$100 million bonus to Nabors boss for stepping aside

For most of us, taking on a job with less responsibilities might mean a pay cut. For Eugene Isenberg, the outgoing CEO of Nabors Industries, it means a bonus. A really big bonus.

Isenberg will be given a $100 million cash payment as he drops the CEO title but remains chairman of the board.

As we noted earlier, the company said Chief Operating Officer Anthony Petrello will take the CEO post, a move that has long been expected because Petrello was considered the hand-picked successor to the 81-year-old Isenberg almost since the first day he was hired 20 years ago.

The drilling and oil field services company said in a filing with the SEC Friday night it will take a $100 million contingency liability in the fourth quarter related to the payment to Isenberg.

The filing makes reference to pay information on pages 29-31 of Nabors’ most recent proxy statement, where a table seems to indicate Isenberg also would realize another $10.1 million in stock options and $16 million in stock shares. Those values, however, are based on the difference between the company’s $23.46 closing stock price on December 31, 2010 and the exercise price of previously granted yet unvested options and shares.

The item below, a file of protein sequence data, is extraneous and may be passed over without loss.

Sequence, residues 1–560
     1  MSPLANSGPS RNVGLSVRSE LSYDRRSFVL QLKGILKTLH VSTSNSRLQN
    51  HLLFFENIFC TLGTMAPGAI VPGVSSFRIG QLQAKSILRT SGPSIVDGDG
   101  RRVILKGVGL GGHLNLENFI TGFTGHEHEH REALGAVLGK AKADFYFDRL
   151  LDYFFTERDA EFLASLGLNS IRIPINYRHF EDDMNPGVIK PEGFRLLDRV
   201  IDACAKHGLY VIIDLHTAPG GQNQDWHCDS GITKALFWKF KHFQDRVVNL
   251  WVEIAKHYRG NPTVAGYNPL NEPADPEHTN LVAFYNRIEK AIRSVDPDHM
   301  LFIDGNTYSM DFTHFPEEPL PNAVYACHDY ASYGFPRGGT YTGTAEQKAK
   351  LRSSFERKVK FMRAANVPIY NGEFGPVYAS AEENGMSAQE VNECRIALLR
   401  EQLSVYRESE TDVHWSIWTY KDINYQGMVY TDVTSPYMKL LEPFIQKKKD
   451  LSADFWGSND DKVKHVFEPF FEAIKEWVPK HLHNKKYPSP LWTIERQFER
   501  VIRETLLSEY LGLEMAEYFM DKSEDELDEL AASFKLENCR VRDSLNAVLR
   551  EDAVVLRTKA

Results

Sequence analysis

Isenberg and Petrello have consistently ranked high on the Chronicle’s annual pay survey, with Isenberg taking the No. 1 spot three times since 2006.

But just to put the $100 million cash payment in perspective, that’s almost the same as the complete pay packages of the top 5 executives on the 2011 Chron 100 survey.

It’s also more than the $72 million in net income the company reported for the third quarter of this year.

Put as an hourly wage for a working stiff on a 9 to 5  job, that’s something like $48,000 per hour.

But as we noted back in 2007, Isenberg has been in line before for even larger payouts in the past for just leaving the company. Back then the company could have owed him up to $525 million just for walking away.

Apparently Isenberg doesn’t think $100 million is all that much. According to a transcript of a conference call this week with analysts, Isenberg discussed the impact of Nabors retiring 84 rigs and 60 trucks, plus another 13 rigs from Nabors International.

“The impact of all these is about $100 million of write-downs,” Isenberg said. “Which I suggest, again, we ignore.”